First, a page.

LONDON-“It’s educated people who are causing the most damage to the planet,” says sixth-former Joe Brindle. Joe, 17, says schools need to put the environment at the heart of education.

Ministers agree “it is vital that pupils are taught about climate change” but Joe says schools are failing to prepare them for a climate emergency. He is a founder member of Teach the Future which next week takes its call for an environmental overhaul of education to Parliament.

“It’s people with degrees from Oxford and Cambridge who are becoming fossil-fuel chief executives and they are the ones who are causing the most destruction to our world,” says Joe.

“And therefore that kind of shows that education is not succeeding and that our education is broken because education should be creating better people not worse.”

On Wednesday, Joe, a pupil at Devizes School, and more than a dozen other under-18s who make up the core of Teach the Future, will take over Parliament’s Terrace Pavilion to host a crowdfunded reception for MPs.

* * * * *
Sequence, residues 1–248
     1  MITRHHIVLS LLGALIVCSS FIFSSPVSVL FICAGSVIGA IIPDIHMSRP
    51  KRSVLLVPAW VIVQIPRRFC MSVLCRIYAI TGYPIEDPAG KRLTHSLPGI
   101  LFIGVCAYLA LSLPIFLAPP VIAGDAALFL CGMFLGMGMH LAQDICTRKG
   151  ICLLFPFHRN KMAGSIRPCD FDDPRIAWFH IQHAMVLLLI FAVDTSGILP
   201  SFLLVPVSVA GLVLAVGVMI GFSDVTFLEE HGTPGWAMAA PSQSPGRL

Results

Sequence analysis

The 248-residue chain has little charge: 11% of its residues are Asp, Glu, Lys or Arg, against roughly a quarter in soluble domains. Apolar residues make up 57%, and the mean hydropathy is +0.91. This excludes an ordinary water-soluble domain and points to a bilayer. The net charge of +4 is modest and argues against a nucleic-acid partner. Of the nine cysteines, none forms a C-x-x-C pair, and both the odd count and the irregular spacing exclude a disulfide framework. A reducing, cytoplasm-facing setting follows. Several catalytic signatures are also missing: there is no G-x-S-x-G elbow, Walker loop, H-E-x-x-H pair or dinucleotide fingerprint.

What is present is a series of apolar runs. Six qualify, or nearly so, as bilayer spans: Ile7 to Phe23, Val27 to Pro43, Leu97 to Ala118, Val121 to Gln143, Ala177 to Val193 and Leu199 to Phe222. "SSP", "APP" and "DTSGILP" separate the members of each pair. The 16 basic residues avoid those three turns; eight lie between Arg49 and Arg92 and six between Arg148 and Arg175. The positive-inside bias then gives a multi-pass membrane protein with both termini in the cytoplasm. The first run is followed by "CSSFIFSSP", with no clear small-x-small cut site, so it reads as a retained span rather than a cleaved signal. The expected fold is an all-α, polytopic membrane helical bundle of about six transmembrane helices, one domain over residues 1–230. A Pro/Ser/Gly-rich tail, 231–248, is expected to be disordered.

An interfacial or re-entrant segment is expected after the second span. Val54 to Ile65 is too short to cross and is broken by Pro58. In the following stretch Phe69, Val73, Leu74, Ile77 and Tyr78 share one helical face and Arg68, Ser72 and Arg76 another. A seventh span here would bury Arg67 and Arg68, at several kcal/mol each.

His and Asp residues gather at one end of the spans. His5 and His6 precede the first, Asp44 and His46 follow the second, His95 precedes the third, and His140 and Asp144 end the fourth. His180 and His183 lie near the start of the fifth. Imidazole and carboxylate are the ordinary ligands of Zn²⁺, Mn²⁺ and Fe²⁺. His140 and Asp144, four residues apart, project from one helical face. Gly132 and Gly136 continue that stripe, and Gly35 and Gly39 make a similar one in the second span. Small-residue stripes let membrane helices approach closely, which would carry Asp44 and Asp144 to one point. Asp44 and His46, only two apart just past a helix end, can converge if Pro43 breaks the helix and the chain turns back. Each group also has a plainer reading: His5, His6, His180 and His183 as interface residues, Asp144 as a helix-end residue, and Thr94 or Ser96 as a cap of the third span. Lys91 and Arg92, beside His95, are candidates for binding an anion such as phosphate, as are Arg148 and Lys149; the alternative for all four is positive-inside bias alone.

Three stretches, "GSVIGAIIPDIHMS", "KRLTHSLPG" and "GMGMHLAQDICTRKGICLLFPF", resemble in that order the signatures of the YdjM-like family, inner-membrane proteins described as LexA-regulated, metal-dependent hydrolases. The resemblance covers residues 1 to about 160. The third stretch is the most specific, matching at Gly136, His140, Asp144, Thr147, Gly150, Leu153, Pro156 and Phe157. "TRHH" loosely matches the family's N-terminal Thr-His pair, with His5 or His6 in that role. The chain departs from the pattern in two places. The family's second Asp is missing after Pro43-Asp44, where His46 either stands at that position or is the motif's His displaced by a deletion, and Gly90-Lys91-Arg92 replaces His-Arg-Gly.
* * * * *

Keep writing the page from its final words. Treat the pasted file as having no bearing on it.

The group, run jointly by the UK Student Climate Network, best known for the school climate strikes, and the National Union of Students’ climate charity offshoot, SOS-UK, is launching a draft English emergency education bill which embodies their key demands and which Joe believes “is going to be really big”. Teach the Future is hoping the draft could at some stage form the basis of a private member’s bill but for now, the aim is “to get MPs on our side”.

The idea is based on the 1958 US National Defense Education Act which aimed to kickstart engineering, maths and science education and give America the edge in the space and arms races.

It paid off - by July 1969, the average age in Apollo mission control was just 28. “I think it really shows that education can be used to solve a difficult problem, if the focus is down from the government,” says Joe, who will sit A-levels in history, biology and chemistry this summer. But rather than focusing exclusively on science, technology, engineering and maths - the range of the climate emergency education act needs to be far wider, he believes.

“The space race was just one thing but the climate crisis affects every single part of everything and it requires solutions from every single part of society, whether it be arts, whether it be maths, whether it be sciences.”